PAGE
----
We stop at the window on the fourth floor. A broken high-rise building on Chornovil Street can be seen from behind the trees. Mykola recalls:
― It was one or two oʼclock in the afternoon, everyone was doing their own business. And they saw the plane from the fourth floor. One colleague says, "Oh, itʼs ours." And as soon as he said it — there was a horrible explosion. Six to eight bombs fell from that plane.
Then Mykola remembers everything minute by minute. Four minutes later, 37 wounded people arrived. Military personnel, families from their homes, adults and children from the line for bread in the yard. This is called "mass admission" — when you have to leave those who will no longer survive and help those who still have a chance. Because there will not be enough for everyone.
The porch could hold 30 stretchers. There, they cut off the bloody clothes and shoes to get to the wound. A corner for "200s" was set up near the elevator. The critically wounded were left there with the nurse, providing minimal assistance. Instead, they ran to children and adults who could survive. They changed clothes several times because they were covered in blood.
The soldiers were the first to be brought in — one of them died immediately in the corridor. They covered him with a sheet and ran further.
— Everyone was lost, — says Mykola. — No one has ever seen anything like this. Usually, there would be a surgeon, an anesthesiologist, and nurses next to each patient. And now we saw a young soldier with half his head missing, and no one thought he had a mother who would cry if he died. Because there are ten children nearby that we can save. And these children also say: "Will you save our mother?".
The main task for Mykola was to organize the process, not to treat. Nurses, who previously worked with newborns, put on drips and bandaged the soldiers. Due to the lack of special tools, severe pelvic fractures were covered with sheets. The people who lived in the basements were horrified by what they saw, but they carried the wounded. Senior doctors who were in military service competently took weapons and grenades from the soldiers. They operated in four rooms, the stabilized ones were sent to other hospitals, the children stayed there.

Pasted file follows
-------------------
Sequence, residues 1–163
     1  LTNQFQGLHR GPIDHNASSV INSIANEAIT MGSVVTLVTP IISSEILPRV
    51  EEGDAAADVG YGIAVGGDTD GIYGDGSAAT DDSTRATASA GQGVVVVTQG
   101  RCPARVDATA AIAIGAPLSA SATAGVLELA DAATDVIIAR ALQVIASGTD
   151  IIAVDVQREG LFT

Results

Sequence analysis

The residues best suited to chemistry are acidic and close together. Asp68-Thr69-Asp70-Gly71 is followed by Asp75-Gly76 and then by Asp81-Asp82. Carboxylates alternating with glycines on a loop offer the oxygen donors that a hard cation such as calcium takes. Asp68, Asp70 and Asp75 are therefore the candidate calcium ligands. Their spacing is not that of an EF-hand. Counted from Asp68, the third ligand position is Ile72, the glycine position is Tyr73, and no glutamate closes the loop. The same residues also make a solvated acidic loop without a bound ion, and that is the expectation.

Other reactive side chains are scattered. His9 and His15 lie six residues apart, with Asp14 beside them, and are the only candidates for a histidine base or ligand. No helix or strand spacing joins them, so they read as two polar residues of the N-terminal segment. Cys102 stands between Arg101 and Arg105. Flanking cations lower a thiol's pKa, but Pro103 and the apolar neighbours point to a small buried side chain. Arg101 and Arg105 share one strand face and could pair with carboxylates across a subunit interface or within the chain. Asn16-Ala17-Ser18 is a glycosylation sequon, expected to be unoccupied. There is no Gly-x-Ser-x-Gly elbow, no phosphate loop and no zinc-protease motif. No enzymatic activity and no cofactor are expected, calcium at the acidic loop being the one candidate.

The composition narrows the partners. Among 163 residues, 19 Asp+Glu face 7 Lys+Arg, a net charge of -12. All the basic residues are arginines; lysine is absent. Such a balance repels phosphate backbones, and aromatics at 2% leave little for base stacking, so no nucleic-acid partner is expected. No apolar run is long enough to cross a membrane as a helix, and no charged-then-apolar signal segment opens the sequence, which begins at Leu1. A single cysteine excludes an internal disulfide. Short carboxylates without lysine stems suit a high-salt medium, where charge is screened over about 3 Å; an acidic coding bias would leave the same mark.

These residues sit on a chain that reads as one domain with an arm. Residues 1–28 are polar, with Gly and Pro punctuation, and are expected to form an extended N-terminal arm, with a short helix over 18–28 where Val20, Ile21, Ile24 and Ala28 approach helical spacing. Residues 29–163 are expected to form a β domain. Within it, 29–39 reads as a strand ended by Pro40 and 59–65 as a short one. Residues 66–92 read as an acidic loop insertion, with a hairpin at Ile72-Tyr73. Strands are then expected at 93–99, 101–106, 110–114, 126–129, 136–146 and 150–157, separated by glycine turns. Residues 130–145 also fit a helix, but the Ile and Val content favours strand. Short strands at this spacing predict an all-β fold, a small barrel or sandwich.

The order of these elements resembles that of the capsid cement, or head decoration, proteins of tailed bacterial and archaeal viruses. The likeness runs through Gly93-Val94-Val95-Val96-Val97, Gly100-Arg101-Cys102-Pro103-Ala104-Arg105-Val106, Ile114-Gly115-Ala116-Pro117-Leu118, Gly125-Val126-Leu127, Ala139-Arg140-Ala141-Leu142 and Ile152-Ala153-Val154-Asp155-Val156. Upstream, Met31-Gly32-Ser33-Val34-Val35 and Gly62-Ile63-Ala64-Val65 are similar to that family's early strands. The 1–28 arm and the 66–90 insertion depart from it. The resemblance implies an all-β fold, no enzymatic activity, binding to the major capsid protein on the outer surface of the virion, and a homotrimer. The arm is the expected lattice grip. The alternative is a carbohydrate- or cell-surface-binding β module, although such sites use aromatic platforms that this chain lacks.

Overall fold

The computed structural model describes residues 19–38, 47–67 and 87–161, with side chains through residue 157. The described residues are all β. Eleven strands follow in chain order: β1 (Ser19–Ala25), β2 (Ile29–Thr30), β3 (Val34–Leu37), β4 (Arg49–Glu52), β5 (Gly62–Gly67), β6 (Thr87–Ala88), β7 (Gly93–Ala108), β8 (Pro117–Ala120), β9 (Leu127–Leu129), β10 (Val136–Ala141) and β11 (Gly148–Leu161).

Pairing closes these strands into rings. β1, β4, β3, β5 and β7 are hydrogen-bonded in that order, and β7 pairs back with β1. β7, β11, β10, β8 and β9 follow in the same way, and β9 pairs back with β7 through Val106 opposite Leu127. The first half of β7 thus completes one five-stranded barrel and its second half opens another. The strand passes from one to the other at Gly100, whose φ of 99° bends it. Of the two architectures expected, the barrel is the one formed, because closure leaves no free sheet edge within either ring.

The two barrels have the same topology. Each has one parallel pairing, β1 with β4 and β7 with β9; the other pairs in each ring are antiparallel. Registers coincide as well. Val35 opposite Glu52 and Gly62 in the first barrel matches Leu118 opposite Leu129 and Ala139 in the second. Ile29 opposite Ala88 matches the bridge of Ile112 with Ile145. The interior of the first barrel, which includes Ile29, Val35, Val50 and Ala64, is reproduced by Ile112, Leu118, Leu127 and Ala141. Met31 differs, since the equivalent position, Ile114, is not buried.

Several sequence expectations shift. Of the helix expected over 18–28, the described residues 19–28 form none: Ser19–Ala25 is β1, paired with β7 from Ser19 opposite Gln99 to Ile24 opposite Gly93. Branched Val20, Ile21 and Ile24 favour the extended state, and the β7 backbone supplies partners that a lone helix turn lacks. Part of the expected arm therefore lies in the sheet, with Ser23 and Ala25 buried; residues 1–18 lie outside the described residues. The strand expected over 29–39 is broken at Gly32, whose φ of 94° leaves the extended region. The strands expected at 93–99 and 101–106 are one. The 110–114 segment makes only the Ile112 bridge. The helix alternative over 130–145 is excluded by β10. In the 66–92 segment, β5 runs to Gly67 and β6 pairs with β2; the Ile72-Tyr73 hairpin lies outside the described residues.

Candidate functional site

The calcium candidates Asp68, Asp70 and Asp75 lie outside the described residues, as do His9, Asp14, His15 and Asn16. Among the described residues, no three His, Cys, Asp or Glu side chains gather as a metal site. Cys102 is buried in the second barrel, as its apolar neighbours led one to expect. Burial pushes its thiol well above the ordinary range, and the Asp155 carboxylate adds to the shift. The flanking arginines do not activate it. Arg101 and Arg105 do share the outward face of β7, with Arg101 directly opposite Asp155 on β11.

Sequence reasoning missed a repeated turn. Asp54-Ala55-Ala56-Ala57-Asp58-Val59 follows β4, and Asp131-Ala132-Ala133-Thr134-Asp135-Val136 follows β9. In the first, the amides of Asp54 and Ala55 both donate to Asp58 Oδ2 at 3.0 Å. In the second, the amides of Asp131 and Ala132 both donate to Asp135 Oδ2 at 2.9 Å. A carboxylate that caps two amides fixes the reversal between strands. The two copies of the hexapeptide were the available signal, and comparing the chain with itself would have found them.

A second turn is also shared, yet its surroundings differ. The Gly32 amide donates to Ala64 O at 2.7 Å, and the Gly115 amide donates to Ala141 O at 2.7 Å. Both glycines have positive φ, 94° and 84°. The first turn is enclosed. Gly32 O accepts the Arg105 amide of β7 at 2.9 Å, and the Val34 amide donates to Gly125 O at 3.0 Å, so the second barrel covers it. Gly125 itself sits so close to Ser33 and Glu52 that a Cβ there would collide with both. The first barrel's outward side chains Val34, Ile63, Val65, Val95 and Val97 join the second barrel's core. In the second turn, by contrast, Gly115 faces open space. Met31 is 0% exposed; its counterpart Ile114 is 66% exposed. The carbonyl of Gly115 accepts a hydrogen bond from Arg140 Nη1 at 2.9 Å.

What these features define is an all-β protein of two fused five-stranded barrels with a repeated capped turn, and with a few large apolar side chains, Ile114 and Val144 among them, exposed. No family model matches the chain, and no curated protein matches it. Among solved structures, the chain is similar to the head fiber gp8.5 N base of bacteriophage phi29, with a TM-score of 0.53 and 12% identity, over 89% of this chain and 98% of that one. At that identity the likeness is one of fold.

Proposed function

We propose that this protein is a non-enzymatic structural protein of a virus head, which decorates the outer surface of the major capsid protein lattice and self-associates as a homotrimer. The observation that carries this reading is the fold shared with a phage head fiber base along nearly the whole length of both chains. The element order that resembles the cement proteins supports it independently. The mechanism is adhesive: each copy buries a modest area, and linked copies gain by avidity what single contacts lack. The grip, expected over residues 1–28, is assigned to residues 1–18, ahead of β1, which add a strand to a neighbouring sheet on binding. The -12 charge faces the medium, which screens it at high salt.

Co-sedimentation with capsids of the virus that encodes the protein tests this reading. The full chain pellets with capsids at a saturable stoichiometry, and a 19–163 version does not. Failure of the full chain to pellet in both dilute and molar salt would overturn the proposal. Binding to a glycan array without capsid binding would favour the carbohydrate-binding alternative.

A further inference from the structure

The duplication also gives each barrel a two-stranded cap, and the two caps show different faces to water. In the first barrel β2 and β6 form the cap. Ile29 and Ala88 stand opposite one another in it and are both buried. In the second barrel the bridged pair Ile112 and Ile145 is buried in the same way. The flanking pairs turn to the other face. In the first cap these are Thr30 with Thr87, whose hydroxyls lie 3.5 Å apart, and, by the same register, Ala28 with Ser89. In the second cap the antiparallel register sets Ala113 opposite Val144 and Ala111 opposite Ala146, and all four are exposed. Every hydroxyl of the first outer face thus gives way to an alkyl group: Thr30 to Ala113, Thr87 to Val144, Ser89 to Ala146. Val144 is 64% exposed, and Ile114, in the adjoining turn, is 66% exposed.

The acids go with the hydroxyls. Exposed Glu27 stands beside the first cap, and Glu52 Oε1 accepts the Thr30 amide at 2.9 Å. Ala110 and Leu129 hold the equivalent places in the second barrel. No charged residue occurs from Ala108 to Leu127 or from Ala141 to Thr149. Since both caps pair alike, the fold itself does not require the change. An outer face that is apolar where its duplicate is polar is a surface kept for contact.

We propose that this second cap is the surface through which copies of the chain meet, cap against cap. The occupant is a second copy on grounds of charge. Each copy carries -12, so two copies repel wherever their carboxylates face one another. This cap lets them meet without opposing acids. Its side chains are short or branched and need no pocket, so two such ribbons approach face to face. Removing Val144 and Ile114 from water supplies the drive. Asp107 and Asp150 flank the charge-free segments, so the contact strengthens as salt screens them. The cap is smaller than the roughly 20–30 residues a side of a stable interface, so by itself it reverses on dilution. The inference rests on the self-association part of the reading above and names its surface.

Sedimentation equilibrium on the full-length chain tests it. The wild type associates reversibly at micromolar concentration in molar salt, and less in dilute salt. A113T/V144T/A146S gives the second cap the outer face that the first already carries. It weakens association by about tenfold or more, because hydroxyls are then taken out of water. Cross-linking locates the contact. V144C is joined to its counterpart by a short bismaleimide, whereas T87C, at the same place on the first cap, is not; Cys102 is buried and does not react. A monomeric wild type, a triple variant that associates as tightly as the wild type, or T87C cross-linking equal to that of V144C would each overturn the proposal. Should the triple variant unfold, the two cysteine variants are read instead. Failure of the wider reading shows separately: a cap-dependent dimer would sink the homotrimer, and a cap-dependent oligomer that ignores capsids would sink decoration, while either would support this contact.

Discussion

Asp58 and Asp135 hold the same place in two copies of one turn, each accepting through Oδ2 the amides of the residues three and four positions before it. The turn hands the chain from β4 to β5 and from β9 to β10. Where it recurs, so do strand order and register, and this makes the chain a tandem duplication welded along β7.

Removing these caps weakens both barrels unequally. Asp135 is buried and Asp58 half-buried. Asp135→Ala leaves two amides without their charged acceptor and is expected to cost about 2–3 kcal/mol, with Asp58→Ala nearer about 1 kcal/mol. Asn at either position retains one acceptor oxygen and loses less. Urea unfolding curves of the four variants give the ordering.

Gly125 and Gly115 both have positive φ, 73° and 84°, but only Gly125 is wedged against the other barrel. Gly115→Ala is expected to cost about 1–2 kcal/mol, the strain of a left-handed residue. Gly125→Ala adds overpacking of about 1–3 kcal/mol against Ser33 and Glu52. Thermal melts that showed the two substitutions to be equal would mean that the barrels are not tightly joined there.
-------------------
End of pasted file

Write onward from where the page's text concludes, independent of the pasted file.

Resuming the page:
In the end, several mistakes were made: stretchers blocked the corridor, and these are precious minutes; all the tourniquets and bandages were in one office, not several along the corridor; the still-working X-ray machine was on the second floor, not the first. However, only one person died — the very first soldier with a head injury.
Everything lasted 20-30 minutes.
— And it seemed that a whole hour passed in a second. Our hearing, vision, and sense of smell became sharper — we could smell blood a few meters away as painters smell the paint. And now weʼre talking about it — and itʼs like it was a dream.
Mykolaʼs former office is on the fourth floor. Although some of the windows have not yet been replaced, the department is working. From "his floor" to the new office, Mykola took several missile fragments that had flown into the corridor — now they lie in his drawer in a small bag. On the table there is a diary where he wrote down his experiences. The phone contains photos of the wounded, which were taken almost by force in order to document the crime.
But the most striking reminder of the month of life and work under shelling is a blue-yellow flag on the wall.
— You know, all of us who stayed here seem to have been baptized by the war, — says Mykola. — You respect all your colleagues, but you want to hug them, like for the first time and for the last time. You look at this flag, and everything explodes inside — we were at such a limit!... But if not us, then who? We do not even guess how much a person can endure.
The flag hung in one of the operating rooms for a whole month, and on April 8, all those who survived March in the hospital gathered in Mykolaʼs new office, spread the flag on the table, and wrote something — signatures, names, thanks.
― This “Thank you, colleagues!” was written by an anesthesiologist who worked for us before and returned to help in March, ― Mykola recognizes the signatures. ― And these are volunteers from the USA, from France, who came later... My signature? I quietly wrote "Mykola Lyutkevych" and added the trident. This will be our flag even after the victory.
And among the signatures, acknowledgments, and dates there is one very short "Eternal glory to the UAF".